Kazakhstan

Kazakhstan: Mass protests are stifled by violence and further suppression of fundamental rights

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What began as peaceful protests against socio-economic inequality swiftly turned into violence facilitated by Kazakhstan’s internal security forces and troops of the Collective Security Treaty Organization (CSTO), amounting to violations of the right to life and liberty, as well as freedoms of expression and assembly. FIDH and its member organisations in Kazakhstan call on Kazakhstan’s authorities to revoke the order to “shoot to kill” protesters, halt violence on both sides, and facilitate an independent inquiry into the January 2022 unrest in order to identify the perpetrators and bring them to justice.

In the aftermath of the violence that has shaken Kazakhstan since January 2, official sources have reported over 160 deaths (this information has since been rescinded by the government) including both protesters and law enforcement, and close to 10,000 arrests, although these numbers have not been independently verified.

FIDH member organisations in Kazakhstan, the Kazakh International Bureau for Human Rights (KIBHR) and the International Legal Initiative (ILI), documented numerous instances of excessive use of force by law enforcement and/or members of the CSTO, armed with tear gas, stun grenades and firearms. Numerous social media outlets showed footage of indiscriminate firing into crowds of protesters with what appear to be lethal rounds. On January 7, President Tokaev ordered law enforcement to “shoot to kill” protesters.

«An order to use lethal force against unidentified protesters constitutes a violation of the duty of the authorities to respect the right to life and international standards governing the conduct of public assemblies», commented Yevgeniy Zhovtis, director of the Kazakhstan International Bureau for Human Rights, FIDH member organization.

FIDH’s member organisations further reported widespread internet blockages during the early days of the protest, in violation of the right to freedom of information. The authorities also blocked access to certain online media and obstructed the work of journalists, including by arbitrarily detaining those covering protests and threatening independent media with criminal prosecutions, in violation of the rights to freedom of expression. Media report attacks on media workers and editorial offices. This caused an information vacuum making it impossible to reconstruct an objective picture of the suppression of the protests.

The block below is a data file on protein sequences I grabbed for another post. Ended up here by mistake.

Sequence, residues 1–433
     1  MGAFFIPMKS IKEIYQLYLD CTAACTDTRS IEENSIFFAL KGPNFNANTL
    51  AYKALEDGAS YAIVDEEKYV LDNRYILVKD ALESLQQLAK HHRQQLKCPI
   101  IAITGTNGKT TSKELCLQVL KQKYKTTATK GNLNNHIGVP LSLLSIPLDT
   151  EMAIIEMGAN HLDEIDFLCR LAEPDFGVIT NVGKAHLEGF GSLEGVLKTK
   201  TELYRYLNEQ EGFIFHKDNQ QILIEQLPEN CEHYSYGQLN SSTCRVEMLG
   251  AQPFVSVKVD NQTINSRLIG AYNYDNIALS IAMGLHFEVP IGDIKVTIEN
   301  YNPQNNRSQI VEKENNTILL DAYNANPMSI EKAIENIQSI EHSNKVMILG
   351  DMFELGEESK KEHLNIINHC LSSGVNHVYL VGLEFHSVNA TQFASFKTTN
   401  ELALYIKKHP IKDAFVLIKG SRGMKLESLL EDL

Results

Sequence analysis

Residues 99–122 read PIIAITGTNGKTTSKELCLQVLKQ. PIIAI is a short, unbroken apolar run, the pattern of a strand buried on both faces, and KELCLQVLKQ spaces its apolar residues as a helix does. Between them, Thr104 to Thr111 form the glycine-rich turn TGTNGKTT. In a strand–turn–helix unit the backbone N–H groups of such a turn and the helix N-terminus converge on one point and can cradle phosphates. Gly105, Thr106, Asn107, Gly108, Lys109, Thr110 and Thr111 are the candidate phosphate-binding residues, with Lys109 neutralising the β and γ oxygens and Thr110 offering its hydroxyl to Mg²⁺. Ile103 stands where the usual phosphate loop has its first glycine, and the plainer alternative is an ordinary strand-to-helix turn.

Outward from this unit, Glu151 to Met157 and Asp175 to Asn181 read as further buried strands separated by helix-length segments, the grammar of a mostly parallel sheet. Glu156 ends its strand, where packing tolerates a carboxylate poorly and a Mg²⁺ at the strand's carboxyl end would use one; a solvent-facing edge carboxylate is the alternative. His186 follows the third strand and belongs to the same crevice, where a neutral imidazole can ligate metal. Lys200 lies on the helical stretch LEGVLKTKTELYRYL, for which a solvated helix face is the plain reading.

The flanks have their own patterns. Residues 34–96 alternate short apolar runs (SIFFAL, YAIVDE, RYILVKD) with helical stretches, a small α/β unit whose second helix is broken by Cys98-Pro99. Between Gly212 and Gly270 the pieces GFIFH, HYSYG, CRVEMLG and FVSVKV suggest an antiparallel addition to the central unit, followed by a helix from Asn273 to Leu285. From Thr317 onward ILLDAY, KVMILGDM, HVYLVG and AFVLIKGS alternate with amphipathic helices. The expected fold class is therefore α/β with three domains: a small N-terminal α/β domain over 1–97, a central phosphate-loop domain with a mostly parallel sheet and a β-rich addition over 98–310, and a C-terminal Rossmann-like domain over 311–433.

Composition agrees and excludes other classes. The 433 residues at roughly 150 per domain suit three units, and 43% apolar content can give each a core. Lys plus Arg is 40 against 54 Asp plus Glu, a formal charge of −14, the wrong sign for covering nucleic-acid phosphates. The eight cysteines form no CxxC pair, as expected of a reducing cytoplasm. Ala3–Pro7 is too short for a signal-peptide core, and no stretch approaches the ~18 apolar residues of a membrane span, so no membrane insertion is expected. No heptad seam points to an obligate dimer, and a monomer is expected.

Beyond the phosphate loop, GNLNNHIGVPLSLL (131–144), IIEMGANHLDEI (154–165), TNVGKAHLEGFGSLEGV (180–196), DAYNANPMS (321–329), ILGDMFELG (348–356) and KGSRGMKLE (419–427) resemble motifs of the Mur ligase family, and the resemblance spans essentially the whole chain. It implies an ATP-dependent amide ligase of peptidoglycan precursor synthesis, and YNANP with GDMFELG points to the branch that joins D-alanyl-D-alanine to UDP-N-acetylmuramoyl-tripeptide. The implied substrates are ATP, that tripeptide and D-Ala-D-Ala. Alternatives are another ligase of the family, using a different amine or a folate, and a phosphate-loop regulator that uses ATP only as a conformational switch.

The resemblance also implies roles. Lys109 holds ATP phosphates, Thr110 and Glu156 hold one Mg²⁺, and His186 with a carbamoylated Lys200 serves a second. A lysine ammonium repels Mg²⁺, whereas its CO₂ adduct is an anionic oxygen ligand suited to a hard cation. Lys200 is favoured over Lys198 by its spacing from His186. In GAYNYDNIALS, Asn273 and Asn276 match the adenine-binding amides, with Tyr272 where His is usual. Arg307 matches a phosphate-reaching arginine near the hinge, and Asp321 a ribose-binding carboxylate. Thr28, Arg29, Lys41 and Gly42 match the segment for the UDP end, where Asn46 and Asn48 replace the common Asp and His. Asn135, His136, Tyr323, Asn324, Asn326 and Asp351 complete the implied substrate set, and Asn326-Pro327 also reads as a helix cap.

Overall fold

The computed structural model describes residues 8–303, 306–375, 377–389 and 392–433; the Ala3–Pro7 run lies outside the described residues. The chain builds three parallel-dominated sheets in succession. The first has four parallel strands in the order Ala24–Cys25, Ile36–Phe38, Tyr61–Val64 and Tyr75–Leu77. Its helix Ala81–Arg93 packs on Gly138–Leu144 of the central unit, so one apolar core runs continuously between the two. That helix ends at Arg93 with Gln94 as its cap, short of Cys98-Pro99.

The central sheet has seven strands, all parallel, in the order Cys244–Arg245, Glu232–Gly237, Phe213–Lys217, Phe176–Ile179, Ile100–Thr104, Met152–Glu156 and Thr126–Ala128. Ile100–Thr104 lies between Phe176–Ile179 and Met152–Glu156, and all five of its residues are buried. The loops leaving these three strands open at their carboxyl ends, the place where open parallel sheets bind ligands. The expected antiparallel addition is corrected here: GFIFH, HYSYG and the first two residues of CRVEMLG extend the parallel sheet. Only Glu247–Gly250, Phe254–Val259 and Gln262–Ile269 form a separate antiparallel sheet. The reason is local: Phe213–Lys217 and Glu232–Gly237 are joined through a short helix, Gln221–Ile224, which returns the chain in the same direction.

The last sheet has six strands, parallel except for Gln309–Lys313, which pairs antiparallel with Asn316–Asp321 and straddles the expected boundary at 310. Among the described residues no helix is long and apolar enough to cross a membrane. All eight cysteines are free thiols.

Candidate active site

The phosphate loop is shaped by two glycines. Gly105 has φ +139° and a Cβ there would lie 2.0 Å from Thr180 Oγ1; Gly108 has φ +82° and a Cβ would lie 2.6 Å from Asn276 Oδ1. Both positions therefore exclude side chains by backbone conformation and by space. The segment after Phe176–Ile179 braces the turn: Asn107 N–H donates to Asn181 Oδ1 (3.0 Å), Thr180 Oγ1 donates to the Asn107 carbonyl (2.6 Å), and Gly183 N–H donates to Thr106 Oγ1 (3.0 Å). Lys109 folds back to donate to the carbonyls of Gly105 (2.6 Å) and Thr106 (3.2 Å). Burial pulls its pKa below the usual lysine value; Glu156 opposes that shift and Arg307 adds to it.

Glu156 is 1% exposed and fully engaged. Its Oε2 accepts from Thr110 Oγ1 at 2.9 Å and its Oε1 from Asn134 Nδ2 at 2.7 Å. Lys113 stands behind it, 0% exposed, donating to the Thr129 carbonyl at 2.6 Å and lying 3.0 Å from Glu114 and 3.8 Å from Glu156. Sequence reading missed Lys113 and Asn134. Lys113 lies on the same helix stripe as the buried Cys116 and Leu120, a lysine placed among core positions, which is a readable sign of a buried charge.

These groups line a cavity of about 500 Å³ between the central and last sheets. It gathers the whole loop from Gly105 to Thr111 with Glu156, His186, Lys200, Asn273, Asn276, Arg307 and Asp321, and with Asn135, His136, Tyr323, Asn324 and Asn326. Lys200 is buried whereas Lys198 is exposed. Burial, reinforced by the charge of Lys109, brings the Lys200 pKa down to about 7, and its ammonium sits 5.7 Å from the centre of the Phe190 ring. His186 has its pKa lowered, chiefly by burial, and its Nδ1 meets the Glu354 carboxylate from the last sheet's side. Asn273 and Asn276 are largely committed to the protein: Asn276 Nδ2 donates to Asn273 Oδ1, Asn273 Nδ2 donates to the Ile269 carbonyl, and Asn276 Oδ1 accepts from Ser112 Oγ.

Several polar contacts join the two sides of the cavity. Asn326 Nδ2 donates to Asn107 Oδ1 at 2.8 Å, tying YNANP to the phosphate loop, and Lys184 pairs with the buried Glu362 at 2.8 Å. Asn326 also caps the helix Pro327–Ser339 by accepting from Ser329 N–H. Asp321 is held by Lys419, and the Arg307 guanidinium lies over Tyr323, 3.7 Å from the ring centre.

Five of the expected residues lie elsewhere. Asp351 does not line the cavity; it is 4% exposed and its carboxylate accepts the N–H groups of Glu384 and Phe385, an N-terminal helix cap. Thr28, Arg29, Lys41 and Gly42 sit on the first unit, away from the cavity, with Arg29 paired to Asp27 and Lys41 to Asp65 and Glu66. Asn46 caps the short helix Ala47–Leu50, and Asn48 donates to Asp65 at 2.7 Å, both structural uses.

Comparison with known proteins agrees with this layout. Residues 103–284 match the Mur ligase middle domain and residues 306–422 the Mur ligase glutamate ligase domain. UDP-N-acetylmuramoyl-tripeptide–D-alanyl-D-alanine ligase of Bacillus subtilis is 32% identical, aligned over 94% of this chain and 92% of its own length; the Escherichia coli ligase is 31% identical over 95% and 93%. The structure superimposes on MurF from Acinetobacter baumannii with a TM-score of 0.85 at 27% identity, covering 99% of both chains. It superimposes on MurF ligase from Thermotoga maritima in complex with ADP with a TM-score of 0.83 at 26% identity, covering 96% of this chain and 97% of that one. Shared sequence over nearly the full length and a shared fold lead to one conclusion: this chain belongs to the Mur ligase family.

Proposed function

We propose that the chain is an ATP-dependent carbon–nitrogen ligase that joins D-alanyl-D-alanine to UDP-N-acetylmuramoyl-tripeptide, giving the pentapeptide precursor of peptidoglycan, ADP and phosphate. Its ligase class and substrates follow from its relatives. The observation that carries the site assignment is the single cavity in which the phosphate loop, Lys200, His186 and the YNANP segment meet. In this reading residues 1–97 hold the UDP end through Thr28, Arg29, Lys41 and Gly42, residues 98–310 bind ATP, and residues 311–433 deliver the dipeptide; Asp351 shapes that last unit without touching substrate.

Tokayev also accused activists, foreign media and human rights defenders of abusing their rights to freedom of expression and assembly provided for in a 2020 law on peaceful assembly. The protest against political and economic inequality was later declared a "terrorist provocation" by the Kazakh authorities.

«The Kazakhstani authorities wish to discredit the protest, to present it not as a spontaneous popular outrage against poverty and inequelities, but as a planned terrorist operation or a Maidan shifting the responsibility for the victims to some external enemy, supported by human rights organisations», commented Aina Shormanbayeva, ILI Foundation, Kazakhstan.

The FIDH and its member organisations in Kazakhstan call on Kazakhstan’s authorities to revoke the order to “shoot to kill” protesters, carry out their obligations to protect and respect the right to life by halting violence on both sides, put an end to the inflammatory rhetoric targeting human rights defenders and the civil society more broadly, to cease internet restrictions and restrictions on the work and access of journalists, and to facilitate an independent inquiry into the January 2022 unrest, within the auspices of the OSCE or the UN, in order to identify the perpetrators and bring them to justice.

Background

On January 2, protests erupted in western Kazakhstan city of Zhanaozen due to an announced increase in the price of liquified gas. Protests promptly spread throughout the country, including to Kazakhstan’s largest city, Almaty. In addition to economic demands, protesters called for political reforms, including the direct election of regional governors, more civic freedoms and the departure of former President Nursultan Nazarbayev, who has remained the main political force in the country despite his resignation in 2019.

As peaceful protests escalated, Kazakhstan’s President Kassym-Jomart Tokaev capped gas prices, dismissed the government of Kazakhstan, as well as Head of the Security Council - Nazarbayev, and introduced a state of emergency. However, peaceful protests continued and on January 5 violence sparked in Almaty and other cities: media shared footage of clashes between protesters and the police, arson and storming of administrative buildings, and mass looting.

The escalation led to a brutal response by the Kazakh law enforcement forces and foreign intervention by member countries of the Collective Security Treaty Organization (CSTO), including Russia and Belarus, invited to Kazakhstan on dubious legal grounds.